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Minimum wage increase proposal blindsides Democrats

CARSON CITY — Republicans blindsided Democrats on a Senate committee Friday when they amended an overtime bill to raise Nevada’s minimum wage to $9 an hour.

Existing law requires employers with some exceptions to pay workers time and a half for hours worked in excess of eight hours within a 24-hour period. Under Senate Bill 193, overtime provisions would not kick in until 40 hours are worked within a week.

The law would mainly affect low-wage earners and would not apply to workers covered under collective bargaining agreements where such work rules are negotiated.

Democrats on the committee mostly opposed the bill, arguing it would allow employers to take advantage of low-wage workers by requiring them to work longer hours without the benefit of overtime pay.

But discussion of the bill took a twisted and heated turn during a work session of the Senate Commerce and Labor Committee on Friday when Sen. Patricia Farley, R-Las Vegas, moved to amend the bill to raise the minimum wage to $9, a 75-cent increase for workers who do not receive employer-paid insurance.

“There’s an opportunity here that doesn’t require going to the ballot and doesn’t require four years out,” Farley said. “There’s an opportunity here to move it along and do the right thing.”

Democrats cried foul, saying it was wrong to toss out a minimum wage proposal without discussion.

“I feel like you guys are trying to box us in,” said Sen. Kelvin Atkinson, D-Las Vegas. “If you guys want to have a discussion about minimum wage, let’s have a discussion about minimum wage.”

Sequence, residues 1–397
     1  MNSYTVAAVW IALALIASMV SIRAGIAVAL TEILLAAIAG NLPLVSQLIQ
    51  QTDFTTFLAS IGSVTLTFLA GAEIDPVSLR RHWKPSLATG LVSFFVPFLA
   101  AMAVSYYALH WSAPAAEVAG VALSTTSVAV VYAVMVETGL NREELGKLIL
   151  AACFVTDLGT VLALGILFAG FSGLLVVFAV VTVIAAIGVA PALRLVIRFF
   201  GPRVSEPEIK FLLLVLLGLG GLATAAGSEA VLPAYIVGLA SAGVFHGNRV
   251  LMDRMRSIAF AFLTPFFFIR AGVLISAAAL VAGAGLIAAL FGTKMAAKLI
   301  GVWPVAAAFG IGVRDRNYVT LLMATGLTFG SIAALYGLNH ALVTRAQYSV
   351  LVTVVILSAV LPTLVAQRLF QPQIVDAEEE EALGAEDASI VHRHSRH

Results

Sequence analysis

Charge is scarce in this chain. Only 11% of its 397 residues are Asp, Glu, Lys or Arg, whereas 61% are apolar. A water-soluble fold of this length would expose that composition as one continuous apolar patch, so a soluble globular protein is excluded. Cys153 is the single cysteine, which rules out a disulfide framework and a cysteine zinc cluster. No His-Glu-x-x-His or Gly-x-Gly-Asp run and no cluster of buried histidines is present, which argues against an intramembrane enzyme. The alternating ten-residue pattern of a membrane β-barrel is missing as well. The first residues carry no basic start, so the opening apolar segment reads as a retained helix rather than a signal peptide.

“You guys are throwing out an arbitrary number,” he said. “This is crazy. I don’t know what we’re doing.”

State Sen. James Settelmeyer, R-Minden and chairman of the committee, said he has met with various employers and business groups since the committee first heard testimony on the bill in February.

Settelmeyer said businesses told him their concerns were not about money and paying higher wages but the ability to have flexibility in scheduling.

He added that businesses will “probably come back and rip me a new one” for supporting the amendment.

The Democratic minority tried to prod the committee to go higher, but Republicans wouldn’t budge.

Nevada voters in 2006 passed a constitutional amendment making the state’s minimum wage $1 above the federal rate. Nevada’s current minimum is $8.25 an hour unless employers provide health insurance, then it’s $7.25.

State Sen. Joe Hardy, R-Boulder City, has a proposal to take the minimum wage out of the Nevada Constitution and leave it up to lawmakers. Democratic state Sen. Tick Segerblom of Las Vegas has a separate measure to raise the minimum wage to $15 an hour.

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